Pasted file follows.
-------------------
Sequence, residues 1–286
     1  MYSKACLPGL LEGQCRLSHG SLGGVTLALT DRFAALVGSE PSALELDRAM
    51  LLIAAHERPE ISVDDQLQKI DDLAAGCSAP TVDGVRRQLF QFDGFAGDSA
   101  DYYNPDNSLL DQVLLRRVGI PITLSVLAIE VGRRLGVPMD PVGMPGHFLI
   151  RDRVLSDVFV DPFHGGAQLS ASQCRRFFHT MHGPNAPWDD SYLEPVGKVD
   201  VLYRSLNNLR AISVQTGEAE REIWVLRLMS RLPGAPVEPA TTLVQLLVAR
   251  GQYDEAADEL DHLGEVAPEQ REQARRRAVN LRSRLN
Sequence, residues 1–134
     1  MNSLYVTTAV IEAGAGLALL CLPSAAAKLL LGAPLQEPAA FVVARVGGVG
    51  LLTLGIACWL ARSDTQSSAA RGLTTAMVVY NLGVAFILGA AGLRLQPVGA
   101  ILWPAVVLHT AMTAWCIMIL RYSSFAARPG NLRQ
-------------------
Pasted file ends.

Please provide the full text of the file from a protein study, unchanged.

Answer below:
Sequence, residues 1–286
     1  MYSKACLPGL LEGQCRLSHG SLGGVTLALT DRFAALVGSE PSALELDRAM
    51  LLIAAHERPE ISVDDQLQKI DDLAAGCSAP TVDGVRRQLF QFDGFAGDSA
   101  DYYNPDNSLL DQVLLRRVGI PITLSVLAIE VGRRLGVPMD PVGMPGHFLI
   151  RDRVLSDVFV DPFHGGAQLS ASQCRRFFHT MHGPNAPWDD SYLEPVGKVD
   201  VLYRSLNNLR AISVQTGEAE REIWVLRLMS RLPGAPVEPA TTLVQLLVAR
   251  GQYDEAADEL DHLGEVAPEQ REQARRRAVN LRSRLN
Sequence, residues 1–134
     1  MNSLYVTTAV IEAGAGLALL CLPSAAAKLL LGAPLQEPAA FVVARVGGVG
    51  LLTLGIACWL ARSDTQSSAA RGLTTAMVVY NLGVAFILGA AGLRLQPVGA
   101  ILWPAVVLHT AMTAWCIMIL RYSSFAARPG NLRQ